Retail Footfall Shows Increase

The level of retail footfall rose last week, according to new figures from Springboard.

Data from the organisation showed there was an overall 1.1 per cent rise in footfall, suggesting a growing confidence among consumers to come back to the shops in person following the easing of restrictions on May 17th, despite some concerns about the impact of the variant first seen in India, which has been spreading rapidly in a few hotspots.

However, the figures did represent a degree of shift from the previous week, with the increase mainly comprised of a one per cent increase in shopping centre visits and a 2.4 per cent rise on the high street. This contrasted with a 1.7 per cent drop at retail parks.

Other findings included a shift towards city centres and away from suburbs. For instance, central London enjoyed an 11.8 per cent rise, while coastal towns witnessed a 2.3 per cent increase.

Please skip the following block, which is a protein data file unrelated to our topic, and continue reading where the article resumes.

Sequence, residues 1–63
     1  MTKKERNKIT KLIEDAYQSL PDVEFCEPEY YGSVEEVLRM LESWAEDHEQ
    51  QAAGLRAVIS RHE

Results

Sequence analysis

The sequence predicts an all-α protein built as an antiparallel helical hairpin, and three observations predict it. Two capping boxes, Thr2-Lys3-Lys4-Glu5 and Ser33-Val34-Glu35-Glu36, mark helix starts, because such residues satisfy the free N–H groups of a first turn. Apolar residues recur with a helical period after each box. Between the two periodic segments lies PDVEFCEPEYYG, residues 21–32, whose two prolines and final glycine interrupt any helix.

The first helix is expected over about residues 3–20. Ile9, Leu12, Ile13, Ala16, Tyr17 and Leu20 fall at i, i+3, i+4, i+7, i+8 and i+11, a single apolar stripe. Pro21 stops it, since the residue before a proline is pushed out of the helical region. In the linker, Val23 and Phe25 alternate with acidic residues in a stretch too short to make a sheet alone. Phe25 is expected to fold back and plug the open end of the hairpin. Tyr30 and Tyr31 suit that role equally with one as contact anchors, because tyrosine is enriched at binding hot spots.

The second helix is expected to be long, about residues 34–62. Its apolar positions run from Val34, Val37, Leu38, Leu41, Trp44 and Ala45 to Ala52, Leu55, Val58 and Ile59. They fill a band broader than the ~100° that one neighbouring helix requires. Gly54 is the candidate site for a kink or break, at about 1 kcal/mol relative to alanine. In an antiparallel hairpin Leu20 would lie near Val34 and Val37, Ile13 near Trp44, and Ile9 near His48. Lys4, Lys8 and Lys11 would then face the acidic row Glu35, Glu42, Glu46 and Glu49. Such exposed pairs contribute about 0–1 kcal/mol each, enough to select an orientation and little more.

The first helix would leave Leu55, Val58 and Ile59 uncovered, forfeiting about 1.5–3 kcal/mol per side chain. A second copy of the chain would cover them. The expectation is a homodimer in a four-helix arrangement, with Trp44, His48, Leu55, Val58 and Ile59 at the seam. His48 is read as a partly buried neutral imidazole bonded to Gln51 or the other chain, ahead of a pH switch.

This was possibly linked with factors such as the accompanying level of other offers, such as food and evening entertainment. Indeed, a notable feature has been the fact that shopping areas were busier in the evenings.

What it certainly shows is that retail maintenance will be important and relevant to ensuring stores are in the best shape as they welcome back consumers, some of whom may be taking tentative steps back into a busier lifestyle after being very cautious over the last few months.

Giving the data a cautious welcome, insights director at Springboard Diane Wehrle observed that there is still ground to be made up on pre-pandemic conditions.

She remarked: “Despite the uplift in footfall last week from the week before, there is still significant ground to be made up as footfall across all UK retail destinations remains more than a quarter below the 2019 level.”

Some retailers are doing rather better than others in the current climate, with Marks & Spencer particularly feeling the pinch but battling back thanks to a new food deal with Ocado.

The firm has just revealed plans to close 30 stores over the next decade as part of restructuring plans.